Bachir Sahraoui; meditative poems from Algeria

The poet and singer known as Bachir Sahraoui was born Bachir ould Ali ould Abderrahmane ould Mohamed Alazadad in 1947 in the Algerian Sahara, in the oasis of Aclibate el Frenina.  His father was born in 1890 in Tarsal and his mother in 1914.  His mother shared her love of poetry and stories with her son.  Bachir's first public performance was inspired by a chance encounter at a wedding.  Bachir, who was 11 years old at the time, was so struck by the beauty of a young girl with braided hair that he improvised a sung poem on the spot. 

In 1973 he joined the ranks of the Popular Front for the Liberation of Sagui el-Hamra and Wadi el-Dhahab fighting against the Spanish colonial presence in the Sahara.  He was assigned to the Mauritanian city of Bir el Moghrein and was arrested in October of 1975.  He was released a month later and abandoned the military struggle.



At some point in the late 1970s Bachir made his way to Algiers where he started his professional musical career, recording his songs and performing on television.  Bachir's poems are inspired, first, by the popular proverbs that transmit the wisdom of the Saharaoui people.  His songs also draw inspiration from several famous Sahraoui poets, such as the anti-colonial poet Dakhil ould Sidi Baba, and the poet Seddoum ould Njartou (to whom many of the great Mauritanian griot families, such as the Abba and Eide families, trace their ancestry).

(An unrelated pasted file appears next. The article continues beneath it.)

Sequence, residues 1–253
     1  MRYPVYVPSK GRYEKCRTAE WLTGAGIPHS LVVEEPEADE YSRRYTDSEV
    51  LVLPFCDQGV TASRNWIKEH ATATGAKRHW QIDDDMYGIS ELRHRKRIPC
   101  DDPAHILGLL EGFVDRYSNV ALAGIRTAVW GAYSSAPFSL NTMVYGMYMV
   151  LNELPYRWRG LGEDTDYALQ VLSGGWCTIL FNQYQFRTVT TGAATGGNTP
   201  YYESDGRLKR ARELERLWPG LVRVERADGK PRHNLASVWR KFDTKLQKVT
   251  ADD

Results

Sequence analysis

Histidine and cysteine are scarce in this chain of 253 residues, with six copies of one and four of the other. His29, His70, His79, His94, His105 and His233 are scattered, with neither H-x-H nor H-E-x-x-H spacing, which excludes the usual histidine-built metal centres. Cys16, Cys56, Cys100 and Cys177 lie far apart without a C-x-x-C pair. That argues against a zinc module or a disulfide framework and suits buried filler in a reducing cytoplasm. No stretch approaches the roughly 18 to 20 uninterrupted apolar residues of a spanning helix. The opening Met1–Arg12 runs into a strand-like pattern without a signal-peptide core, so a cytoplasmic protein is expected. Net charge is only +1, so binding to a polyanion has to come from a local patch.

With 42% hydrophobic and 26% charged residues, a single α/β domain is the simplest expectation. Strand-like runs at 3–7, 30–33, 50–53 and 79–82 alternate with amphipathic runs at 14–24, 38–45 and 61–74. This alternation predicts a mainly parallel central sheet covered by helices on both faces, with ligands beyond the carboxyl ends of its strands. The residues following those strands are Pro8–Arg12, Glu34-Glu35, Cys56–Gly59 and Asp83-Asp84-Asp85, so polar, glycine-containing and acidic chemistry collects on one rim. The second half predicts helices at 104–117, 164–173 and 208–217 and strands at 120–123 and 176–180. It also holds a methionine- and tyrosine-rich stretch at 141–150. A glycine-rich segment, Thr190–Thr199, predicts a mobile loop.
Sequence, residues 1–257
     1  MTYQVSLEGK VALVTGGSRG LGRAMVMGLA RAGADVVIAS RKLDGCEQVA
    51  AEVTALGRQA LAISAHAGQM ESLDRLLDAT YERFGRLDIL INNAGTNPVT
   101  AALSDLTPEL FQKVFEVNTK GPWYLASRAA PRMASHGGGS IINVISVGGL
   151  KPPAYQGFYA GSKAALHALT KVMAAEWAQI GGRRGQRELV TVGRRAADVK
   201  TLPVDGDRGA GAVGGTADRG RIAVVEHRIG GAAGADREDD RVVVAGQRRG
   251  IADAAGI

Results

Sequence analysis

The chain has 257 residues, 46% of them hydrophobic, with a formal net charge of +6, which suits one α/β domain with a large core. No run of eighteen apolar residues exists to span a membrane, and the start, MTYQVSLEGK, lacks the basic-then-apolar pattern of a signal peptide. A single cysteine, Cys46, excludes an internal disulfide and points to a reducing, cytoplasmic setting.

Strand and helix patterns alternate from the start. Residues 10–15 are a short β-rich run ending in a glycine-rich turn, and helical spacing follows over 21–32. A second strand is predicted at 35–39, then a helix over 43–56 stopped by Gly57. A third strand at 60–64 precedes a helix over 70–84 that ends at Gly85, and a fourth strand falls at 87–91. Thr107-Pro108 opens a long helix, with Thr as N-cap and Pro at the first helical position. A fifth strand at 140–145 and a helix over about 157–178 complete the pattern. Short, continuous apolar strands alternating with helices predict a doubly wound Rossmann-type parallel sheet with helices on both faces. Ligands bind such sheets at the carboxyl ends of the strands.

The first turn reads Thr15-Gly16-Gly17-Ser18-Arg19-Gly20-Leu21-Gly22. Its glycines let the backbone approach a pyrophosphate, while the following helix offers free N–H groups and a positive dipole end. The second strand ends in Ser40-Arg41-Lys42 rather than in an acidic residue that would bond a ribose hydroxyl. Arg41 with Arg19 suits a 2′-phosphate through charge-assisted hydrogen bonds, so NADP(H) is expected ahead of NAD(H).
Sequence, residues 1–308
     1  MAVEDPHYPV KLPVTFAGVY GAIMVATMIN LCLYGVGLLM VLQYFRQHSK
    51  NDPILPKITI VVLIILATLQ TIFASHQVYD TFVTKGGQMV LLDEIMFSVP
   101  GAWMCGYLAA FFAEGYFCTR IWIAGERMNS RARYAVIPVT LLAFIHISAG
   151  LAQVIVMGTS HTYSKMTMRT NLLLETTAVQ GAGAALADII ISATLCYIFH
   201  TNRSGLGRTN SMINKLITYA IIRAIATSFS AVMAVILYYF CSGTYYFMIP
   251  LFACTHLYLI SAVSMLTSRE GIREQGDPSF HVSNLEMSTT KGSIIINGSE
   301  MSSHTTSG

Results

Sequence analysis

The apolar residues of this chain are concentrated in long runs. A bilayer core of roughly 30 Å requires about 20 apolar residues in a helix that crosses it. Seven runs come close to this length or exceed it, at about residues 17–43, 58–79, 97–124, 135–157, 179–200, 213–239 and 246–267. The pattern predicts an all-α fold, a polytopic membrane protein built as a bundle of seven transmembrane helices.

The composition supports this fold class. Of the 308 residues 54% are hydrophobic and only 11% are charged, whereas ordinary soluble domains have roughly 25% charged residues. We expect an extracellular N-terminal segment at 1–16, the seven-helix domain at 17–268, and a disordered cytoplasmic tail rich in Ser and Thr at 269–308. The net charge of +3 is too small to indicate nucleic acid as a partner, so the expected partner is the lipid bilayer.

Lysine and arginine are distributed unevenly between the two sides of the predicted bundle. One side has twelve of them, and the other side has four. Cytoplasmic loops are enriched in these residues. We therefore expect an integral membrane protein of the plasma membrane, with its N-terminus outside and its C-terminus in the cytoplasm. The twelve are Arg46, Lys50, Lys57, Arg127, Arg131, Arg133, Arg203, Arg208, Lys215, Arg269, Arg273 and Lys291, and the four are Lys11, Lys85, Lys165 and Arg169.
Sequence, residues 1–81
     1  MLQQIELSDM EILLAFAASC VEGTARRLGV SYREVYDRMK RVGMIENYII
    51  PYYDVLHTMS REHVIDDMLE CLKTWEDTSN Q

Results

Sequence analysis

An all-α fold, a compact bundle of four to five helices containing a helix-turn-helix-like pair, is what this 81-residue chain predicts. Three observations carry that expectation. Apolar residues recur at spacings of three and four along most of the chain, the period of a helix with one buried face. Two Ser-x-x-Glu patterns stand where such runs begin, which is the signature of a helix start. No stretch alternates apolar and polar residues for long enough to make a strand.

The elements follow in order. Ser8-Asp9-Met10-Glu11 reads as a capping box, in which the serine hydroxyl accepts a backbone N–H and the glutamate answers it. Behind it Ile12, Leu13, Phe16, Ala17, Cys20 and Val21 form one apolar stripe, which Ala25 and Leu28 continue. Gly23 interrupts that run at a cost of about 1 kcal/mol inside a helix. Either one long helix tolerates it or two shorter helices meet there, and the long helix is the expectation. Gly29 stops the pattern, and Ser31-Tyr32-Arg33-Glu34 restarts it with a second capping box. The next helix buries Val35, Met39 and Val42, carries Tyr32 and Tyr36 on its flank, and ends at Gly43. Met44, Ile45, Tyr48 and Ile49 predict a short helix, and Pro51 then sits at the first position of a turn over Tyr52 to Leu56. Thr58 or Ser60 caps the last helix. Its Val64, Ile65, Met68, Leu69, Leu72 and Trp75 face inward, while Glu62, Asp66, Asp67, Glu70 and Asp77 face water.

Bachir Sahraoui's career, at least on the national stage, seems to have peaked in the 1980s. Articles about him continue to sporadically appear in the Algerian press but he no longer seems to perform much.  This cassette was released by a label based in Marseille, France that reissued Algerian recordings.  It features six poems (qasida) written by Boukhari Said.  Bachir is accompanied by the ghasbas (reed flute) of Saad and Kaddour.

Download Bachir el Sahraoui

This is music for deep listening.

Here is a clip of Bachir Sahraoui from Algerian television. 


Enjoy!


Comments

  1. Thank you very much Mattew, very much appreciated, is the clean music of the desert that sounded in the afternoon at Radio Algérie, twenty or thirty years ago I recorded this flute and the singer, without knowing who I was, a few years ago I was able to identify another similar artist (Khelife Ahmed), but until today I never knew who he was, Bachir the sincere voice.

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  2. thank u so much on a rainy cold grey day
    robert

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